For the past couple months the Bloggernacle has been ablaze with a spirit of activism. For a variety of reasons, I have kept my participation in these threads to a minimum, but I thought it might be nice to weigh in with a few considerations which seem to have either been taken for granted or side-lined from discussion. But before I get to these considerations, I probably need to address a few caveats in order to anticipate potential reactionaries, trolls and other replies which tend to bog down rather than forward the conversation. (more…)
A little more than a month ago I came across a BBC program on the subject of fasting. You can watch the whole thing here.
If you don’t have a whole hour to watch I recommend picking up around the 36 minute mark where they start discussing intermittent fasting, or alternate day fasting. The basic concept is to alternate between fasting days and “feasting” days. A fast day consists of 400-500 calories for women or 500-600 calories for men. (You are encouraged to drink all the water you want on fast days). On the feed/feast days you eat whatever you want.
What are purported benefits of alternate day fasting? All sorts of things according to the researchers interviewed. Here are some mentioned in the documentary:
- Weight loss. It turns out that people doing this intermittent fasting don’t normally eat double their daily recommended calories on feed days. They are more likely to eat about 110% of recommended caloric intake so there is a net calorie deficit every week and that means steady weight loss.
- Reduced blood sugar levels. Warding off diabetes is always a good thing, right?
- Reduced levels of triglycerides, bad cholesterol, and blood pressure. They say this is a good thing. Reportedly reduces risk of heart disease and whatnot.
- Improved brain function. Mice on intermittent fasting remain mentally sharp far longer than the mice that were fed well daily. The theory is that humans see similar benefits. Fasting reportedly causes brains to grow new brain cells. Researchers interviewed for the piece think that this is an evolutionary survival mechanism; as we fast our brains quickly get stronger to give us better odds of wrangling up some food to stay alive. (I’ve been told that other studies indicate fasting has been shown to improve student test scores as well.)
(Authorial Note: This post looks long, but if you ignore the appendix section, it should be a fairly quick read. )
Women and the priesthood, wearing pants, sexism, the place of Heavenly Mother, and so forth are all major issues on the bloggernacle these days. The common thread in each issue is whether women are equal to men in the Church. Some people take the apparent inequality as a given, while their critics argue that these people have the wrong perspective. Men and women are equal in the church; these folks just need to look at the issue differently. And so the debate rages.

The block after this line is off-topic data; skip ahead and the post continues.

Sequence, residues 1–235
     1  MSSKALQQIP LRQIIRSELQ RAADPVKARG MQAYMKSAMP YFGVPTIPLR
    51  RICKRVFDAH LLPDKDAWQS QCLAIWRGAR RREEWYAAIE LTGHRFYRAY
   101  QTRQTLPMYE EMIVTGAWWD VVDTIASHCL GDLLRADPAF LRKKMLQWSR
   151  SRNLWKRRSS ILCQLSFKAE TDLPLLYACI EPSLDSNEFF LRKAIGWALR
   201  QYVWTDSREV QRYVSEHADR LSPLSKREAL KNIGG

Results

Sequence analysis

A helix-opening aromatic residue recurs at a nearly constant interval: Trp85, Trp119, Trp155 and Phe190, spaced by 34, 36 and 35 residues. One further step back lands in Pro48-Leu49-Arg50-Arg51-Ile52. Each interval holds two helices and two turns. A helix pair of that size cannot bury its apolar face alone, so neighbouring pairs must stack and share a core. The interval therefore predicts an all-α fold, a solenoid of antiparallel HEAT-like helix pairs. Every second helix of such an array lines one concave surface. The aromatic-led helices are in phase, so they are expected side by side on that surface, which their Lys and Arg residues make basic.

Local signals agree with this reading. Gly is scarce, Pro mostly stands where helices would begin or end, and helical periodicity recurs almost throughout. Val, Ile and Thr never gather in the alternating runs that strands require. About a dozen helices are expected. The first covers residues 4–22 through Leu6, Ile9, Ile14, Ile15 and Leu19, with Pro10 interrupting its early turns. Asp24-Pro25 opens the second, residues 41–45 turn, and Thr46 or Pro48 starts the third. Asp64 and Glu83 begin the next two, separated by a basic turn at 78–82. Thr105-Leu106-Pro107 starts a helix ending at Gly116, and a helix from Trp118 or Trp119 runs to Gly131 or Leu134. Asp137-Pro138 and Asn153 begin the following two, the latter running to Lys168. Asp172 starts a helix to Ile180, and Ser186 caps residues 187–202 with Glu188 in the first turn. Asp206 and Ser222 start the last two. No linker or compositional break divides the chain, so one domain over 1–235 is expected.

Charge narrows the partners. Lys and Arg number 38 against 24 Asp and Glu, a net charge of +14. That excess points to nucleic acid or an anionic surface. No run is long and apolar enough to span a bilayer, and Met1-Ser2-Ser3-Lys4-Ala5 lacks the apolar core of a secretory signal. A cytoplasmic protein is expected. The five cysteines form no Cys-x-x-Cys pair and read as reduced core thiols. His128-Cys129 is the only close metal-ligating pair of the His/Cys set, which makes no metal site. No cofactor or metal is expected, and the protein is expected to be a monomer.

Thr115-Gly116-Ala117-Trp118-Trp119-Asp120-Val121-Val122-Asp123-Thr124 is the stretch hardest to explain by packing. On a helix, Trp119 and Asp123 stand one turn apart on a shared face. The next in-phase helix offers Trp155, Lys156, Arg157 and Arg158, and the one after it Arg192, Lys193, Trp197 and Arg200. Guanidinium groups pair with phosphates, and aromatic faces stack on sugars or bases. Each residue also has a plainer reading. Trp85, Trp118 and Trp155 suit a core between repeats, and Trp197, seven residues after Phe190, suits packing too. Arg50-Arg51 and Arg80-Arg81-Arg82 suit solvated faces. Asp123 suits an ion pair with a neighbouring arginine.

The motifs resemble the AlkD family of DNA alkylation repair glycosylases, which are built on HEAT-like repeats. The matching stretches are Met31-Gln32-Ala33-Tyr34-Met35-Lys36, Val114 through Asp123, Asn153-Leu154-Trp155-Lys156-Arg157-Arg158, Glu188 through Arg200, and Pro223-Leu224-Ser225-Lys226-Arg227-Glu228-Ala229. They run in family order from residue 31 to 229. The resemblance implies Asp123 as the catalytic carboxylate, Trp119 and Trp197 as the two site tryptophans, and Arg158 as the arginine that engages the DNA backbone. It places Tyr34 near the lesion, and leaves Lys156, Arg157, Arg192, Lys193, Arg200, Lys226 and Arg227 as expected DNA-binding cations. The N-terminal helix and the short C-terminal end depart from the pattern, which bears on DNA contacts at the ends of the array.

Generally the discussion goes round in circles because the debaters share an actually unshared assumption: the meaning of equality. I suggest that there are three forms of equality that this discussion invokes, and since discussion partners are often using one or two different forms of equality, they end up talking past each other. We need to fix this if we are going to move the discussion forward.
So these are the three forms: equality in terms of responsibility, acknowledgment, and theology.
Responsibility equality: Women give service. Men lead and give service. Or, if we count leading as a type of service, men give more kinds of service. More than that, the priesthood has a special kind of value with no strong female equivalent. Usually we compare priesthood with motherhood, but a more fitting comparison is fatherhood with motherhood, which leaves priesthood something extra for men, a mark of worthiness, and a special dimension for spirituality in male lives (or also in female lives via worthy men).
Recognition equality: Women get acknowledged for their hard work, but priesthood camaraderie offers a kind of appreciation among men that keeps women feeling on the outside. We have a very appreciative culture for young men making the next priesthood office and going on missions. Young women are far less recognized. And sometimes this starts even in the primary, anticipating the kinds of tracks these two sexes will go on once they reach twelve. Furthermore, the recognition adult women get for their service is often demeaning or overlooked. This would probably be much less of a problem if there were more women in leadership roles.
Theology equality: Men and women have equal access to the celestial kingdom. They both receive revelation. They are (supposed to be) equal partners in the home. In this sense, there is a fairly undeniable equality between the sexes. However, there are also a few theological inequalities. Some women take issue with wording in the endowment. Heavenly Mother remains a largely mysterious figure and therefore an ambiguous role model for women. Nevertheless, on a theological level, the sexes are largely equal.
So what? I hope that this discussion shows that if women are equal to men in some ways, in other ways there are stark inequalities. Does that mean that those inequalities are wrong? That’s a topic for another time. But in the meantime, if we accept that these inequalities are real, we can at least know in what ways they are real. (more…)